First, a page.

Students in the School of Planning and Public Affairs course Environmental Policy researched technical and policy solutions to advance more solar energy generation in Iowa City, with a focus on resilience, economic benefits, and equitable access. UI faculty members Scott Spak, Adam Skibbe, and Travis Kraus worked with local stakeholders to complete the study.
Second-year Master of Public Affairs (MPA) students collaborated with administrators and students at Muscatine Community College in the development of policies and best practices for reducing greenhouse gas emissions and implementing a Sustainability and Environmental Responsibility (SER) Initiative.
Working in conjunction with the Jackson Clean Energy District (Jackson CED), graduate students in the School of Planning & Public Affairs developed a Clean Energy Plan for Jackson County, Iowa.
Jackson CED exists to strengthen Jackson County communities in Jackson County by leading the transition away from fossil fuels toward local and inclusive clean energy. Jackson CED has a three-pronged community building mission:
Students in the School of Planning & Public Affairs course Environmental Management and Policy conducted a study for the Johnson Clean Energy District regarding energy efficiency improvements and renewable investment possibilities in Johnson County.
In conjunction with officials from Linn County Iowa, graduate students in the School of Urban & Regional Planning completed a Windfarm Suitability Analysis study for the unincorporated Linn County area.
Greenhouse gas and energy reduction were identified as two major goals for 2015 in The City of Iowa City’s 2014 Sustainability Report. The City was, then, pursuing several initiatives to achieve those goals, including an agreement with MidAmerican Energy to convert all of Iowa City’s streetlights into LED fixtures. The LED fixtures are expected to last 25 times longer and operate 75 percent more efficiently than incandescent bulbs. A student from the College of Engineering assisted the City with the streetlight conversion process during the Fall 2015 semester.
Students in the College of Law conducted statutory and case law research to contribute to the development of the potential regulations being considered by Winneshiek County. In response to the potential entry of the frac sand mining industry into the area, Winneshiek County sought research and recommendations on best practices for interacting with the industry. This project brought together the University of Iowa Citizen lawyer program with county attorneys to provide legal research and analysis on regulatory options available to the county.
Winneshiek County sought to understand the possible economic impacts that the frac sand mining industry could have if it became established in the county. For this project, graduate students in the School of Urban and Regional Planning performed a comprehensive economic impact study that evaluated the short and long-term gains and losses to the county's economy that could follow from the industry’s establishment. The students assumed a single-mine scenario to contextualize mining impacts in three areas: county accounts, private accounts, and social costs.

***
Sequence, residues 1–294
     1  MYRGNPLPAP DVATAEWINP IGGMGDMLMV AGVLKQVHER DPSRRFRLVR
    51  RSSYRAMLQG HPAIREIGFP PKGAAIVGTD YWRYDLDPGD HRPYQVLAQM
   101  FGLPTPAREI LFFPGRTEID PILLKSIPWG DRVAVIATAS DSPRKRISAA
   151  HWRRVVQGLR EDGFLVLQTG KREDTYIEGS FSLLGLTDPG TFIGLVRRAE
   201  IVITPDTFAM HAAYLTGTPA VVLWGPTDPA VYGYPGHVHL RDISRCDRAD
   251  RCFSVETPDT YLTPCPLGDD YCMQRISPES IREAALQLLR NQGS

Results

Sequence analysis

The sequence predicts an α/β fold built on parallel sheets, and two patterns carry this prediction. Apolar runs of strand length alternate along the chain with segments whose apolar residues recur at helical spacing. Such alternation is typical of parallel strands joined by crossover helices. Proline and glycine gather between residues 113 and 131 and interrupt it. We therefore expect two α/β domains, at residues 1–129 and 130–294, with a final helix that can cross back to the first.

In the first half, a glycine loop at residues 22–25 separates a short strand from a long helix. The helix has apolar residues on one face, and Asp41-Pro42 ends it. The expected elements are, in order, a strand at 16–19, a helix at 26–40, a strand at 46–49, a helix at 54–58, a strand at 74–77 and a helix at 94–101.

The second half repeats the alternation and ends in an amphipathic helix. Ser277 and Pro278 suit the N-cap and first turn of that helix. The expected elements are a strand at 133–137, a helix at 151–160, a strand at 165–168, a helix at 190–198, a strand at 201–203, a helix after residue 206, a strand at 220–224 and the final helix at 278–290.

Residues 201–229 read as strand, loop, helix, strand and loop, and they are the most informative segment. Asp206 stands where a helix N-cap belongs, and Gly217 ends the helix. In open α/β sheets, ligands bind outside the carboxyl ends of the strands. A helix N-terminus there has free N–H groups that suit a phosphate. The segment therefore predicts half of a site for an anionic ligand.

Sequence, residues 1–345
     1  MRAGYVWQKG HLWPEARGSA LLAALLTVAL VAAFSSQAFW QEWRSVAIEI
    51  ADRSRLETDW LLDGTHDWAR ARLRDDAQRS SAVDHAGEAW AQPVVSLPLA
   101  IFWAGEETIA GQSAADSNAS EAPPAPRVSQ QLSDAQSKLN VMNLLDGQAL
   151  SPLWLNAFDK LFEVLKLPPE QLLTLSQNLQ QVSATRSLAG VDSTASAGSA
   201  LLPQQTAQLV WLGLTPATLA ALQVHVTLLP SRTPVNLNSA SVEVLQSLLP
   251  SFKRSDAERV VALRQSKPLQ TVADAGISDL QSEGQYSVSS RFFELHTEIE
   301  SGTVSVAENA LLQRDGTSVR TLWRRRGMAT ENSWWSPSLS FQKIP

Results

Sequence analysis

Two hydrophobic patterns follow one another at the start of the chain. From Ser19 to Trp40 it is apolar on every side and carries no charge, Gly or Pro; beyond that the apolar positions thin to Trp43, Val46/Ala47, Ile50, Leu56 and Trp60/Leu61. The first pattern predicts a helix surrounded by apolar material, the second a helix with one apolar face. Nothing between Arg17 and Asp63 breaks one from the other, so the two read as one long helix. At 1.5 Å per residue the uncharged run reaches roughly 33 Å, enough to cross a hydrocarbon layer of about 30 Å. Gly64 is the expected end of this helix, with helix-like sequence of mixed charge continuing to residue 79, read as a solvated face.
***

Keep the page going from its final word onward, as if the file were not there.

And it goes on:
Graduate students in the School of Urban and Regional Planning worked with city officials to provide recommendations and two tools for the City of Dubuque to expand its Green and Healthy Homes Initiative (GHHI).
The tools developed included the Priority Model and economic feasibility calculator for rental units. Other recommendations included strategies to engage renters and landlords; innovative funding; interdepartmental cooperation building; and participant engagement and outreach.
In 2011, Dubuque Regional Smart Planning Consortium was formed and tasked with developing a regional sustainability plan. Building on the 2011-12's Indicator and Indicator Measures for 11 Sustainability Principles for the City of Dubuque, students created measurements for the sustainability goals outlined in the Smart Plan on a regional scale.
Students combined geophysical-based renewable energy capacity mapping with return on investment to evaluate how renewable energy can impact Dubuque's sustainability vision.
In order to sustain growth and demand for energy, the City of Dubuque was interested in developing policies for economic development that incorporated renewable energy.
Students studied over 40 indicator systems and 1200 potential indicators, and narrowed it down to 60 indicators specifically for the City of Dubuque and its 11 principles through discussion with city staff, public engagement, and analysis of comparable cities. The students developed a score card for each indicator to be used by officials.